It asks the city to make Humboldt Park Health, formerly Norwegian American Hospital, a vaccination hub for Latino and Black communities on the Northwest Side. The plan also suggests testing and vaccinating people “at homes, schools, nursing and senior homes.”

“Testing needs to go beyond hospitals and clinics. We need to meet people where they’re at,” Fuentes said. “We have Puerto Rican refugees in affordable housing buildings, we have elderly people in affordable housing buildings.”

The plan also includes an education campaign, sending health care advocates to ZIP codes with high rates of infection to develop trust and dispel fears of vaccinations.

Lastly, it asks the city to expand on President Joe Biden’s executive order establishing a Public Health Workforce program that trains people in contact tracing, testing and assist in vaccination outreach.

Manny Ramos is a corps member in Report for America, a not-for-profit journalism program that aims to bolster Sun-Times coverage of issues affecting Chicago’s South and West sides.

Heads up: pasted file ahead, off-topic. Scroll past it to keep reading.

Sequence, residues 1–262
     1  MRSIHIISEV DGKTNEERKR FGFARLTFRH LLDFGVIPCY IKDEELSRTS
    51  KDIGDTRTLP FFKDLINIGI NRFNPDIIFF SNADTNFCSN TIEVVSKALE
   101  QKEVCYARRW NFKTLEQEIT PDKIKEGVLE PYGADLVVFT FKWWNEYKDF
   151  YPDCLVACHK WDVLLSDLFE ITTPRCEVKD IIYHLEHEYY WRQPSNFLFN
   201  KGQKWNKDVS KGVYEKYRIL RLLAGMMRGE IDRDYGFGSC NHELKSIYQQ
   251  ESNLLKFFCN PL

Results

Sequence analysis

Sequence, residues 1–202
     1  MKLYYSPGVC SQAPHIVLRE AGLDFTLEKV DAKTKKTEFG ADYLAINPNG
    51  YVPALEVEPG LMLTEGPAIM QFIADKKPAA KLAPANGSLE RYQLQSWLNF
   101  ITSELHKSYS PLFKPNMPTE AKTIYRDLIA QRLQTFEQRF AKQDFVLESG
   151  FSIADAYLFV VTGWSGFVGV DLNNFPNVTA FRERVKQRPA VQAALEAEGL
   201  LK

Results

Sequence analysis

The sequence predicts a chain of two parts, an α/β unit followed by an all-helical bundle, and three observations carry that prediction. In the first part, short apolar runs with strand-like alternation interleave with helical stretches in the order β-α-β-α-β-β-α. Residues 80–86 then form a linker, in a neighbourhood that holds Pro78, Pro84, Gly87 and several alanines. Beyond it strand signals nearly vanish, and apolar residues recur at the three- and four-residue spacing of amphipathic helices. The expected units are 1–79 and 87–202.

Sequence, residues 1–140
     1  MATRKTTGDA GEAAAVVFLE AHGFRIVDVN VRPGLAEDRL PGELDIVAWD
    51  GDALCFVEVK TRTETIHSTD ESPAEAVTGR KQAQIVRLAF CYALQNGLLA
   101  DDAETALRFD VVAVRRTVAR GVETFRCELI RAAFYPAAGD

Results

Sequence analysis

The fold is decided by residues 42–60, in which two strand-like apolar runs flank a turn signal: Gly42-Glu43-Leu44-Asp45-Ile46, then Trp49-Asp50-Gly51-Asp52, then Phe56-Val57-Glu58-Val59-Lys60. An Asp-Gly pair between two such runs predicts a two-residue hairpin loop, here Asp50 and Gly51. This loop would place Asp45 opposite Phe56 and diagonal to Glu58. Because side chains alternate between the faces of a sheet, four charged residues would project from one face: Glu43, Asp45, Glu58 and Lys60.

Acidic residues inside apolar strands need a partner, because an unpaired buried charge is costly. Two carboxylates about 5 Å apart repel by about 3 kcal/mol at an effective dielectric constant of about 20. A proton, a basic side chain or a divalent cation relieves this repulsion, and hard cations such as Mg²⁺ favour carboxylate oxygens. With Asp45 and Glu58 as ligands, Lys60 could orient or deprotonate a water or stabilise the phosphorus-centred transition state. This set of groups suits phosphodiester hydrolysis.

The Latest
Amy Hall Garner’s “Century” and Elizabeth Roxas-Dobrish’s “Me, Myself and You” elicited great cheers from the audience Thursday night at the Auditorium Theatre.
The U.S. Department of the Interior announced the decision Friday, placing 130 acres of Shab-eh-nay Reservation land southeast of Shabbona into trust for the Prairie Band Potawatomi Nation, giving the tribal nation sovereignty over the land after the U.S. auctioned off its land 175 years ago.
Around 1:55 a.m., two men, both 42, were on a sidewalk in the 2500 block of East 83rd Street when both were struck by gunfire, Chicago police said.
State troopers responded late Friday to the northbound lanes of Interstate 94 at Canalport Avenue for a report of shots fired, Illinois state police said.
Gutierrez has not started the past two games, even though the offense has struggled.